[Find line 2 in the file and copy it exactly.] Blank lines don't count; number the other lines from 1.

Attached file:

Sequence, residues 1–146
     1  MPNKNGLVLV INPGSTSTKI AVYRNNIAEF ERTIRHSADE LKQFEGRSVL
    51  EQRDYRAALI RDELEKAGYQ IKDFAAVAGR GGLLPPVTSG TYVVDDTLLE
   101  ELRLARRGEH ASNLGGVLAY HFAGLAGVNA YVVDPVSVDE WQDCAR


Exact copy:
     1  MPNKNGLVLV INPGSTSTKI AVYRNNIAEF ERTIRHSADE LKQFEGRSVL